Your first conviction for driving while intoxicated (DWI) in the State of New York with a BAC of .08 percent or higher is a misdemeanor. You will be fined from $500 to $1,000 and you could spend up to 1 year in jail. Your drivers license will be suspended for a minimum of 6 months and you will be ordered to pay a mandatory conviction surcharge. You will also be ordered alcohol screening and evaluation prior to sentencing.
Second Drunk Driving Conviction
Your second conviction for a DWI in New York State within 10 years of the first DWI will be a Class E Felony. This felony will cost you a minimum fine of $1,000 or up to $5,000. You will also receive a minimum jail sentence of 10 days in jail or be ordered to perform 60 days of community service. The minimum 10 day jail sentence can be increased by the court up to 7 years in jail. Your driver license will be revoked for a minimum of 1 year plus you will have to pay for an ignition interlock device that will be placed on your vehicle once your suspension is over. The court will also have you pay for your alcohol assessment.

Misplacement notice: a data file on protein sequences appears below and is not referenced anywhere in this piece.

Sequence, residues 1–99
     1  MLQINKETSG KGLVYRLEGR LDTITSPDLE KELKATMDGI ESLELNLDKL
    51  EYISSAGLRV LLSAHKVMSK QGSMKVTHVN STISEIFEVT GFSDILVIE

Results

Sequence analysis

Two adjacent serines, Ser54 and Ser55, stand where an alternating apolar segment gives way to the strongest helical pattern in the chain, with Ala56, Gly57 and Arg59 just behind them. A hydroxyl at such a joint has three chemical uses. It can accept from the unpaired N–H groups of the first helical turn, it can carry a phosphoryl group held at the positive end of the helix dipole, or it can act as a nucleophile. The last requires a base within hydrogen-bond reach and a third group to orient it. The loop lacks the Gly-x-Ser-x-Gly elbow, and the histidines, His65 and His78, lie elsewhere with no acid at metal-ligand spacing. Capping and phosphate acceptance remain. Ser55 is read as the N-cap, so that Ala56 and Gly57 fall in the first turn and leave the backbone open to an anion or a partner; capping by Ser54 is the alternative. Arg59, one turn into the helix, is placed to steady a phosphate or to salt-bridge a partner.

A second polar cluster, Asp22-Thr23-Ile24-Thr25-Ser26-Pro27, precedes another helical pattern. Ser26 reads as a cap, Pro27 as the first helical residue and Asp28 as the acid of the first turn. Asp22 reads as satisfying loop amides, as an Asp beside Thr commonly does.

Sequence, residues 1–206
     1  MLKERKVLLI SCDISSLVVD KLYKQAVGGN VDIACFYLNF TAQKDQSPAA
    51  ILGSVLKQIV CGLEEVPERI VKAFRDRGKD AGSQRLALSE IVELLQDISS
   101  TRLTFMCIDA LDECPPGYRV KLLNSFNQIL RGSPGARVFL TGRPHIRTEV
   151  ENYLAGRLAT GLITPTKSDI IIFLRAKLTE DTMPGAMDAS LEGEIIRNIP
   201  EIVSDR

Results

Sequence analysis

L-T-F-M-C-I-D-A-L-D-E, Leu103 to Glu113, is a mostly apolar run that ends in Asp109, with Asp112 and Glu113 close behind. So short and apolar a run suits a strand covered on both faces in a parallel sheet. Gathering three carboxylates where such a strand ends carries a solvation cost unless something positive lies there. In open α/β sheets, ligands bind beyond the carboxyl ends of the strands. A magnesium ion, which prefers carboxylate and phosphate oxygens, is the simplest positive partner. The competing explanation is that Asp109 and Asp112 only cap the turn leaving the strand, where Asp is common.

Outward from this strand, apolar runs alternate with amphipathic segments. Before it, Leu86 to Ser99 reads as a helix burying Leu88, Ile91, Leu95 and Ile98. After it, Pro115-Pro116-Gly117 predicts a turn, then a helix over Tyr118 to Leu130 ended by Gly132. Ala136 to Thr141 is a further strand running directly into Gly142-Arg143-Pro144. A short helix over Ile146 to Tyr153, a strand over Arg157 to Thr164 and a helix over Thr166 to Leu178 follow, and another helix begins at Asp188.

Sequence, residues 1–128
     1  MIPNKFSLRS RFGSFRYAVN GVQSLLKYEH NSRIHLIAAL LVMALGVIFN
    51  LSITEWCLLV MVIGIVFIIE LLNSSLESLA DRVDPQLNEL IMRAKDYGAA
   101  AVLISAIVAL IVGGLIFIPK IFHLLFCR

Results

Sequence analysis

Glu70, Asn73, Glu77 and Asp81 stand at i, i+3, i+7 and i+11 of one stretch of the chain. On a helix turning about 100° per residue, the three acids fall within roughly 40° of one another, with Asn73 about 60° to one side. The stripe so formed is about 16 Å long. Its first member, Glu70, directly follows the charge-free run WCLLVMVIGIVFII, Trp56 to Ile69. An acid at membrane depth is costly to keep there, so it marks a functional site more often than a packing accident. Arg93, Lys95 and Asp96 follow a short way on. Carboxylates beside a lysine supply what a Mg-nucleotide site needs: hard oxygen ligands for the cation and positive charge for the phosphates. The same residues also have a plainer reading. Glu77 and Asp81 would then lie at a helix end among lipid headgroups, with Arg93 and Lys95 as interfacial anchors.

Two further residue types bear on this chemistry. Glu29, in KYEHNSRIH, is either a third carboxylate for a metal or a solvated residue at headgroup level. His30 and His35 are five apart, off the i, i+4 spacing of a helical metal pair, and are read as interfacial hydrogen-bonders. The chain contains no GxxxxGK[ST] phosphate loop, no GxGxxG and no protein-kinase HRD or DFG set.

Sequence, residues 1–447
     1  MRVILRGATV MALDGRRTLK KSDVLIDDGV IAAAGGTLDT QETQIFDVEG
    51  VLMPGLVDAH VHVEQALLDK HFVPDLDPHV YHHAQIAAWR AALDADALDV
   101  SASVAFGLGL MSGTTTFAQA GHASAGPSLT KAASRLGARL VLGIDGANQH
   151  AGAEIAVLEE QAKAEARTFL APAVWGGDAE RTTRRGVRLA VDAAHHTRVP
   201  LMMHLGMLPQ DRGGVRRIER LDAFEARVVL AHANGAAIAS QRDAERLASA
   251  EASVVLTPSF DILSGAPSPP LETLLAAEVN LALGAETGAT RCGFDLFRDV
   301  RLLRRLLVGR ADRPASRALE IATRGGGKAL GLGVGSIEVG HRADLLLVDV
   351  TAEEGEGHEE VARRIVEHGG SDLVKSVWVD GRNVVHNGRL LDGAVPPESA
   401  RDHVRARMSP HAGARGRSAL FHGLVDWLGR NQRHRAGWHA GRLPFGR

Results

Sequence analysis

Third Drunk Driving Conviction
A 3rd drunk driving conviction in New York is a class D felony. You will be fined a minimum of $2,000 up to $10,000. You could be sentenced up to 7 years in jail, 10 days of which is mandatory. The court may also order you to serve 60 days of community service. Your driver license will be revoked for a minimum of 1 year plus you will have to pay for an ignition interlock device that will be placed on your vehicle once your suspension is over.
The State of New York prohibits driving with a blood alcohol concentration (BAC) of .08 percent or above. The .08 limit is used throughout the United States as the benchmark for the "impaired" driver. New York State has lower limits for Commercial drivers (.04) and drivers under the age of 21 (.02). The laws for drivers under 21 are effectively a zero tolerance law and a minor could lose the privilege to drive until they become an adult. The New York law also addresses driving under the influence of drugs, alcohol or both.
Like other states across the country, New York State has an implied consent law. This law means that all drivers on the roadways of New York agree to submit to a chemical test of their blood, breath or urine of an officer of the law suspects the driver is under the influence of alcohol or drugs. If you refuse such a test you drivers license will be suspended in court and revoked for a minimum of 1 year. You will also be fined $500 on your first refusal and $750 for your second